“Confusingly similar…”  It’s a phrase you might mutter to yourself after trying to unlock another person’s car that looks identical to yours in a parking lot (guilty!), but in the world of intellectual property, it constitutes a legal standard to determine trademark infringement.

More formally known as Likelihood of Confusion, the standard doesn’t require marks to be identical to indicate infringement.  Rather, similarity in the sound, meaning, or appearance of a mark may be ample grounds for alleging infringement and/or refusing registration.  Further, likelihood of confusion increases when the product or service and the marks are so similar that a consumer may be lead to believe they come from the same source. 

According to the US Patent and Trademark Office, “one of the most common reasons for refusing registration is that a “likelihood of confusion” exists between the mark in the application and a previously registered mark or a pending application with an earlier filing date owned by another party.“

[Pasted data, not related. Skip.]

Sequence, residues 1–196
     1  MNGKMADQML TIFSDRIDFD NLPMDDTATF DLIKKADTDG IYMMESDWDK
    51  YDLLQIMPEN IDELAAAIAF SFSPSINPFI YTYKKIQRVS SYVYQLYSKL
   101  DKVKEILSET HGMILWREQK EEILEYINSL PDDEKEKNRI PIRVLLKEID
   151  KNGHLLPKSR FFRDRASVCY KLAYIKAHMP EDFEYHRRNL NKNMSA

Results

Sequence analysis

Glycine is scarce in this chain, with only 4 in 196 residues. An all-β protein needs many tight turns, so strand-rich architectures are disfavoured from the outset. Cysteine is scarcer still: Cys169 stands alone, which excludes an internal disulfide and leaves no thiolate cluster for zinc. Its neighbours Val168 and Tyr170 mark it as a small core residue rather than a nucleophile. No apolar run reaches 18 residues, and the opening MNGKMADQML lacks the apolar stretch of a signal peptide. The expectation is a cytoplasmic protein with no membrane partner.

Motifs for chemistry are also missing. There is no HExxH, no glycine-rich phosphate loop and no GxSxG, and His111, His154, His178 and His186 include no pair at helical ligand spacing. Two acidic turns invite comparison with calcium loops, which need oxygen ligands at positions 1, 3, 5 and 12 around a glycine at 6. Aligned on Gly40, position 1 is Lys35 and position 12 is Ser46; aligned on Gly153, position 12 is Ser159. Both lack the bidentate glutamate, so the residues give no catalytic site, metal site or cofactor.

In one recent example, YETI, an Austin-based brand and maker of coolers and other outdoor equipment, unleashed a flurry of complaints against rival RTIC, also a brother-run company based out of Texas.  The complaints include trade dress and trademark infringement, unfair competition and false designation of origin, false advertising, and trade dress dilution, among others. 

Photos from court documents for case number 1:15-cv-00597-RP are shown below.  One could certainly appreciate how these coolers may be difficult to distinguish at first glance, leaving unsuspecting campers at risk for pulling a beer, or a trout, from the wrong cooler.  You be the judge:

Lawyers for YETI claimed that “the designs of the Roadie and Tundra coolers have distinctive and non-functional features that identify to consumers that the origin of the coolers is YETI,” and that “RTIC has advertised, offered for sale, and sold, and continues to advertise and offer for sale, coolers that infringe on YETI’s rights, including the rights protected by YETI’s intellectual property.”  The case settled earlier this month in favor of YETI, who successfully managed to shake RTIC from their coat tails, at least for now.